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UT chief offers plans, laments Ohio cutbacks


`The state of Ohio is telling us through its actions that higher education is not a high priority,' says UT's president, Daniel Johnson.


The University of Toledo has made positive strides in the last year, but it remains in a “state of need,” President Daniel Johnson said yesterday in his State of the University address.

Possibly the greatest challenge facing the institution is the decline in resources from the state, which reduced funding to state colleges by 6 percent in the fall, Dr. Johnson said.

“The state of Ohio is telling us through its actions that higher education is not a high priority,” he told an audience of about 500 people in UT's Doermann Theater.

This was the first State of the University address for Dr. Johnson, who took the helm at UT in July. His remarks lasted about 35 minutes.

State budget cuts have led to proposals for large tuition increases at some state schools, including talk of a 35 percent hike for new students at Ohio State University. The rising cost of health-care benefits and wages, combined with the prospect of continued state reductions, could cause a budget gap of $14 million at UT next year, Dr. Johnson said.

As a metropolitan, open-admissions university, UT must be careful about how it adjusts its tuition to accommodate these factors. Officials are seeking alternative revenue sources and expect to have a budget outline ready by the end of the month, he said.

“We must be careful not to limit access by pricing a UT degree out of the reach of ordinary families in our community and region,” the president explained. “We must not allow our current budgetary pressures - as real as they are - to discourage us.”

Dr. Johnson spent considerable time discussing the values that are at the core of metropolitan universities, including academic freedom, diversity, and shared governance.

“Our shared values will be the anvil on which we forge our vision of the future of the University of Toledo,” he said.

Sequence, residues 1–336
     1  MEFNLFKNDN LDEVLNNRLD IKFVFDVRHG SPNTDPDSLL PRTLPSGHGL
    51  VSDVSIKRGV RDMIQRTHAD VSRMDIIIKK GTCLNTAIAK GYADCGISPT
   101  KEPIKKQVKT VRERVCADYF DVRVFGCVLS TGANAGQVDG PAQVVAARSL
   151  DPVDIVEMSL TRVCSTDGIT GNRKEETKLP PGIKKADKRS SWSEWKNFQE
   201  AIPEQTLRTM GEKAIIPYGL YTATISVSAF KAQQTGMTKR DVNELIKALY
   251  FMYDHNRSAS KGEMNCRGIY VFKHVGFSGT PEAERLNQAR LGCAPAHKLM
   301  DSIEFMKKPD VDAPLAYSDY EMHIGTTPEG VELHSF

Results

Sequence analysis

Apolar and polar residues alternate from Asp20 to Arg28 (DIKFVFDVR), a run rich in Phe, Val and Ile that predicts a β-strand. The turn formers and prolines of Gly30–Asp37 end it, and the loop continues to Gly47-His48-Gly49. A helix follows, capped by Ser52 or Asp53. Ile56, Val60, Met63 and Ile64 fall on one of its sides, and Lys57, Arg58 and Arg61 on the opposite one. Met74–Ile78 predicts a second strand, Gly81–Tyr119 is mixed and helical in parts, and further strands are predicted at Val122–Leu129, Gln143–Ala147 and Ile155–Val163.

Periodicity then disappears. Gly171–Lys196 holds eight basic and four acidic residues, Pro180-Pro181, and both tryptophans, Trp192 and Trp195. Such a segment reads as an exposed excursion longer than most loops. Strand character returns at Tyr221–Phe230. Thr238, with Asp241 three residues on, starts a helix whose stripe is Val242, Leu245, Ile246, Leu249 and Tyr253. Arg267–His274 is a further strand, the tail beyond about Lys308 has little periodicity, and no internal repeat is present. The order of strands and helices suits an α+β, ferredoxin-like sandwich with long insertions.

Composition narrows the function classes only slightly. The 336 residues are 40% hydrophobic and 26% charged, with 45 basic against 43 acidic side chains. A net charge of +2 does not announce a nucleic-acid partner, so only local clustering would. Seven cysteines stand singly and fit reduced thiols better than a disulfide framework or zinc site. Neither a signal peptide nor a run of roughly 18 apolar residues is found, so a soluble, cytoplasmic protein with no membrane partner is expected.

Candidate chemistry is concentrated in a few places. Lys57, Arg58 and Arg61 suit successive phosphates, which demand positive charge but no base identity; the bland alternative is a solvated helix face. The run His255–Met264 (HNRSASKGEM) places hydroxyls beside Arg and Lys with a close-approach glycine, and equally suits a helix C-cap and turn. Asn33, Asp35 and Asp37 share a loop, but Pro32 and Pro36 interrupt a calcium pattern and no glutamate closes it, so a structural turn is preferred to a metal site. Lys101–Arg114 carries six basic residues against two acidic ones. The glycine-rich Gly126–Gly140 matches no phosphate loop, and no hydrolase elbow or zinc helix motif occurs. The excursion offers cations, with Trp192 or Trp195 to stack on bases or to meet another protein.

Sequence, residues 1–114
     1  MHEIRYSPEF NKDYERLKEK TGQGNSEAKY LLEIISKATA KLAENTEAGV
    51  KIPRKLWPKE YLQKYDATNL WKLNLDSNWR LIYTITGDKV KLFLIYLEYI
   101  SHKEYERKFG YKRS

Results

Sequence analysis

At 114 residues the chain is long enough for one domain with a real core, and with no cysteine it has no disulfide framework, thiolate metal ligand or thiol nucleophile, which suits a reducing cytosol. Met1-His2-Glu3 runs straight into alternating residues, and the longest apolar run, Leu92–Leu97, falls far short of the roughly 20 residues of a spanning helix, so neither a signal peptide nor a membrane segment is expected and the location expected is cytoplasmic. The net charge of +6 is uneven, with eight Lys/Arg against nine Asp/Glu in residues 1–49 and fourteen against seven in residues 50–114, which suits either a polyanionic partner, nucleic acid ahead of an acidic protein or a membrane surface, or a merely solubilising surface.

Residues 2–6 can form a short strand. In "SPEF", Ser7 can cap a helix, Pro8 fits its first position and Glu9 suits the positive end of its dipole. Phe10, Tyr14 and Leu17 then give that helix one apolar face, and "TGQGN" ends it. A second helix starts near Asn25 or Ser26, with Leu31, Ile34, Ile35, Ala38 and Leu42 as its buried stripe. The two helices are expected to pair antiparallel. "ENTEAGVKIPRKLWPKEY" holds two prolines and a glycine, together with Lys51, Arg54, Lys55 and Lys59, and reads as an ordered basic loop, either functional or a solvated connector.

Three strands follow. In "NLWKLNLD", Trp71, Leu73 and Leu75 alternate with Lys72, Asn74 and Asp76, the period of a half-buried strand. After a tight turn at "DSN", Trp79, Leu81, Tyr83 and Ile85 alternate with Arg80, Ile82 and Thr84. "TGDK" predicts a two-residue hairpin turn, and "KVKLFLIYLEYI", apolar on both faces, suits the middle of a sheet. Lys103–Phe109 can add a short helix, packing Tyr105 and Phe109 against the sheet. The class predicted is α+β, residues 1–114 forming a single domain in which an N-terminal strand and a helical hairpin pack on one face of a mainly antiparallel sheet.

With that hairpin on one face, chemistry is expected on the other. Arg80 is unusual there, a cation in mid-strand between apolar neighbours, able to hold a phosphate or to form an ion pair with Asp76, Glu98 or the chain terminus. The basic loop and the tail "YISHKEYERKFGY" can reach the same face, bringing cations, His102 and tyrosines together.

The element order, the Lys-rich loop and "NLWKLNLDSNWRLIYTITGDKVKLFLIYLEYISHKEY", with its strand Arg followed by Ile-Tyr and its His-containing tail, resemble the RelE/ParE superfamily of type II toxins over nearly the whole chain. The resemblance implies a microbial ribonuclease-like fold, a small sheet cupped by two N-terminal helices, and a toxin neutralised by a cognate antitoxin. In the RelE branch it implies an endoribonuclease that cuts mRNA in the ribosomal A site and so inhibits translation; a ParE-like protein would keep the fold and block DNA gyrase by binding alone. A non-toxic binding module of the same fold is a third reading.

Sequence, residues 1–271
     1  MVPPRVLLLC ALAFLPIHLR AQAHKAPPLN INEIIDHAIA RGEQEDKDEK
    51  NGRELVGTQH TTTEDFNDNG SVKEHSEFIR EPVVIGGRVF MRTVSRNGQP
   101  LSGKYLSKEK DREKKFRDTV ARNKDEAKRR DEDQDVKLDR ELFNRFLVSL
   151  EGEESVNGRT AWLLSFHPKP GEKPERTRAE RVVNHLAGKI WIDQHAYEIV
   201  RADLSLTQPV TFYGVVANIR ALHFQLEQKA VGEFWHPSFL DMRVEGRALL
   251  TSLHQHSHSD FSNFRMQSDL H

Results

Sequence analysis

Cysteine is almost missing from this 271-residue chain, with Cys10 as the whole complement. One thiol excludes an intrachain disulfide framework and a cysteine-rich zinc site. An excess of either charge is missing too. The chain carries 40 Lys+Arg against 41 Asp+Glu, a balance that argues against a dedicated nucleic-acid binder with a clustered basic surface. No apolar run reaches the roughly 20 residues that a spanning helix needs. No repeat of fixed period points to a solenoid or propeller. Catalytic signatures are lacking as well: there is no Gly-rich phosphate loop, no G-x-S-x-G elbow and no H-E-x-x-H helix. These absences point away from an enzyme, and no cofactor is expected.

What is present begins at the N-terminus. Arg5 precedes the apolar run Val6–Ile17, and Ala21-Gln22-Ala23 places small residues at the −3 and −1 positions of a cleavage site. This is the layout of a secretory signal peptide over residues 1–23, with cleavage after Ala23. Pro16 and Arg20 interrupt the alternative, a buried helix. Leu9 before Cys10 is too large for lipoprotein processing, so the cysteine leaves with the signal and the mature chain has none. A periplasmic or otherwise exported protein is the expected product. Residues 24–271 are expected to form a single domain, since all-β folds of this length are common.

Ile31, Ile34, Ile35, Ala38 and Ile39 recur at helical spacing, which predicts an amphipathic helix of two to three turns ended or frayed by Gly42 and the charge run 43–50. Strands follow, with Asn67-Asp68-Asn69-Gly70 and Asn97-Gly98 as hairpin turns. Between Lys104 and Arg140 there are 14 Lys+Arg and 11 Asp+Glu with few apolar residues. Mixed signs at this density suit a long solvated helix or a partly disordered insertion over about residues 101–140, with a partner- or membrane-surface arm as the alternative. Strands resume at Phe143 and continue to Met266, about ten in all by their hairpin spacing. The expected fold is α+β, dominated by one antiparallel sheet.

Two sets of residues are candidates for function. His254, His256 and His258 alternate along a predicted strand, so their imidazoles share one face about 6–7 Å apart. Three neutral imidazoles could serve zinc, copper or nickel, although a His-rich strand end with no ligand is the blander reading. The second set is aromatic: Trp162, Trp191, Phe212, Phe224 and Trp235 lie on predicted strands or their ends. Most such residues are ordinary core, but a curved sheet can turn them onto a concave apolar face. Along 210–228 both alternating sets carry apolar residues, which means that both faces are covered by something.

The president, who has written about urban universities, often has spoken of the need for UT to interact more with the surrounding region.

“My personal vision is grounded in a deep conviction that the future of northwest Ohio depends upon this university being a strong institution that provides high-quality academic programs,” he said.

Other challenges facing UT that Dr. Johnson noted include recruiting and retaining students, finding the right balance between athletics and academics, and dealing with the rapidly changing demographics of society.

Numerous listeners had strong reviews for the speech, though some said they were looking for more answers to the challenges described. “I heard a lot of issues. I would like to have heard some solutions, especially on shared governance,” said Erik Johanson, associate professor of music.

Jim Larson, a former UT associate professor and founder of a neighborhood group called the Ottawa Coalition, said Dr. Johnson has his heart in the right place, though his efforts appear handcuffed by funding issues.

“I thought for years the university needed to take up its urban mission, and finally we have a president who's willing to do that,” he said. “I thought he spoke very honestly.”

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